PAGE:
By Humphrey Carter


THE President of the CAEB, Balearic Confederation of Business Associations, Josep Oliver, yesterday expressed his satisfaction that the government and the unions had reached a preliminary agreement with unions on pension reform.

Oliver said that the deal will open the door for much needed labour reforms and claimed that raising the retirement age to 67 is “reasonable considering we are fortunate enough to be living longer and are more active and this will also enable us to build a bigger pension.” The agreement reached late on Wednesday night is seen as another important step for the country to regain market confidence and avert another general strike.

The reforms, which raise the retirement age to 67 from 65, will not have a fiscal impact before 2015 but are considered key to showing investors the government is serious about structural change to revive its fragile economy and avoid a bailout.

The ministry declined to give details but media outlets said the agreement included the government's highly contested plan to raise the retirement age gradually from 65 to 67 under certain conditions.

The government has pledged to approve a pension reform today.
The bill is seen as crucial to its attempts to shore up public finances as it struggles to emerge from recession.
Unions have long opposed any changes in the retirement age and had threatened a general strike.
Spain is battling to reduce a euro-zone high near 20 per cent unemployment and a swollen deficit.

The country has also come under fierce pressure from bond investors in recent months over fears it may be unable to handle its debt and will need a bailout like Ireland and Greece.

El Pais said the two main unions have agreed to accept the age change but demand that people who have worked for 38.5 years can retire at 65 with full benefits.

The government had insisted on people working 41 years if they wanted to receive full pension at 65.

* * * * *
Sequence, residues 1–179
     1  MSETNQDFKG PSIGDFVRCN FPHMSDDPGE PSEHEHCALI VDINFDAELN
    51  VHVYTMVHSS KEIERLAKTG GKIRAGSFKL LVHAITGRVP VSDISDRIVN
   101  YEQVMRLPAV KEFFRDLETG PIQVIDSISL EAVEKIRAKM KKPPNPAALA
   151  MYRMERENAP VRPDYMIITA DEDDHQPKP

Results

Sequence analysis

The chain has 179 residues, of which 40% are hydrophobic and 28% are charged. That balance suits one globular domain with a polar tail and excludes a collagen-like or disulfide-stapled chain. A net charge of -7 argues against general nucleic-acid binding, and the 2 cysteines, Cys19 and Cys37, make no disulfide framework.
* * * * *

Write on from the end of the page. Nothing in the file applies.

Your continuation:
Workers who do not fulfill the requirements for a full pension at 65 will have to work at least 37 years and retire at 67 if they wish to receive full benefits.

Under the deal, the amount received will be calculated from a person's wages in the last 25 years of their working life, up from the current 15.
The negotiations have been going on for several weeks.
Unions called a general strike September 29 to protest the government's austerity measures and labour reforms.
The stoppage was partially successful, affecting mostly industry and transport but not services.
But, while the government unions and the business community appeared to be pleased that a satisfactory deal has been brokered, workers across the country staged a wave of protests, some extremely violent, against the reform package and repeated calls for the threatened general strike to go ahead.

While the government still has to iron out all the fine details of the preliminary agreement in time for the bill to be passed today, union leaders are going to find themselves coming under growing pressure from their members to call the general strike.

Here in the Balearics, for example, there is massive backing for the general strike and a large protest against the reforms was held in Palma last night with a second demonstration due to take place tomorrow evening.